INJUSTICE FOR ALL Crime and Impunity in Latin America

September 25, 2007

This past April, a former police officer was convicted in Rio de Janeiro for the
1993 shooting of one of seven street children gunned down in front of the
Candeldria church. The ex-officer, Marcus Borges Emanuel, admitted that
police officers killed street kids in order to earn extra money from local shop-
keepers. The police who participated in the killings with him, he said, were especially
angry because the children had thrown stones at a police car the day before the shootings.
This outrageous story highlights several of the themes discussed in this NACLA report
on crime and impunity.
Crime is on the rise in Latin America. This surge in crime is intimately linked to the neoliberal policies
that have been implemented regionwide over the past decade. Growing poverty and inequality force many,
especially young people, to turn to crime to survive. Yet identifying the social roots of the problem does
not alleviate the anxiety it produces-not only among the well-to-do, who feel that they are the main vic-
tims of crime, but among the poor as well, who are in fact the primary victims of violent crime.
Consequently, governments that promise to "get tough" on crime are broadly popular, and official abuse
against suspected criminals is widely tolerated. In some countries, police violence goes hand-in-hand with
vigilantism, in which local groups deal with alleged criminals by taking the law into their own hands.
If neoliberalism is the underlying cause of Latin America's crime wave, then the brutal way state agents
deal with suspected criminals is rooted in the authoritarian legacy of military rule. Official violence has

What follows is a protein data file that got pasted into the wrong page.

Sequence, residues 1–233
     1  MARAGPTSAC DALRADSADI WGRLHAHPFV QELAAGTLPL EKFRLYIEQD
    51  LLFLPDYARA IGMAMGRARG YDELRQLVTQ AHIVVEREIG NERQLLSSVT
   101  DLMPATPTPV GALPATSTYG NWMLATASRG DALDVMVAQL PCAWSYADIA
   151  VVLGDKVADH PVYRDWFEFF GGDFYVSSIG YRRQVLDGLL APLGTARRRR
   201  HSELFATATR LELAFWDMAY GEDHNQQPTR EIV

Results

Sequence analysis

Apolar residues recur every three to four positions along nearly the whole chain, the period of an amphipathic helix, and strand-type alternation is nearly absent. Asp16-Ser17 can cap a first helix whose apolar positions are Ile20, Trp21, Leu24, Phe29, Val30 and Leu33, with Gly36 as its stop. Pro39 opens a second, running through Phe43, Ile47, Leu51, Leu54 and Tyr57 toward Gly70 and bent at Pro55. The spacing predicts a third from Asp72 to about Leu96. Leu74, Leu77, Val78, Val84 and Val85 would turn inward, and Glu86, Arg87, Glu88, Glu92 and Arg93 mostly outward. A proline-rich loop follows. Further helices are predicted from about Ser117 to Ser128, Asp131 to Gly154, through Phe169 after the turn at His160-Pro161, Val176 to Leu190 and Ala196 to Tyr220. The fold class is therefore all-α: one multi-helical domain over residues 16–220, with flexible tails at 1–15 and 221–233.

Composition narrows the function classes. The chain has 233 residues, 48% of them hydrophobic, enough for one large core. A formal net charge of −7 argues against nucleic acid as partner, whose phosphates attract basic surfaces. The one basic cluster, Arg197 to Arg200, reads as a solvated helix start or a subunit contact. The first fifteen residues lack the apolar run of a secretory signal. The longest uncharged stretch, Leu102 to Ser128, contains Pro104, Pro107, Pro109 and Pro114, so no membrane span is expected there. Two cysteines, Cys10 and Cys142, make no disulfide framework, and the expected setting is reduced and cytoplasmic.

continued unabated, and in many countries the same tactics used against political dissidents during the dic-
tatorship-arbitrary arrest, deadly force, torture-are used against activists as well as the more diffuse "criminal element" of society, i.e. the poor. Rarely are official acts of violence punished, enveloping police
abuse in a cloak of impunity that serves to encourage more official violence.
The region's "new" democracies have failed to maintain public order and guarantee the rule of law for
all citizens. Courts are underfinanced and understaffed, and corruption is rampant. Because cops are poorly
trained at collecting evidence-often preferring to plant evidence or torture suspects into confessing-
guilty parties go free while innocents often get tangled in bureaucracies that would astonish Kafka. The
official abuse extends to the prison system, where rehabilitation is not even a concept, and prisoners endure
inhumane conditions, extensive overcrowding and physical abuse. In order to overcome these failures of
the judicial system, Colombia and Peru have created "faceless" courts-ostensibly to prosecute cases of
narcotics and "subversion"-that have the intended effect of "chilling" social protest. To ensure high con-
viction rates, these courts stack the deck against defendants, effectively destroying due process. Throughout
the region, the rotten system is sealed with widespread impunity for official violence and white-collar
crime. As a result, ordinary people believe that the judicial system exists not to provide equality under the
law, but to protect the wealthy and powerful.
In these "democracies without citizenship," as Paulo S6rgio Pinheiro calls them, democratic institutions
must be made to function for ordinary citizens. As several authors in this issue suggest, the impetus for such
changes must come from below-from citizens' groups, NGOs and community organizations. The left must
also take this issue head on, by developing concrete proposals to deal with the growing problem of crime
in the region and the real anxiety it produces for ordinary people. Denouncing neoliberalism as the root of
crime is not enough. The left must also devise ways to make the institutions charged with law enforcement
function more effectively and more democratically. This will also go a long way in addressing the region-
wide problem of impunity. Otherwise, police forces that act like vigilantes, "faceless" courts and lynchings
will continue to assure "injustice for all."


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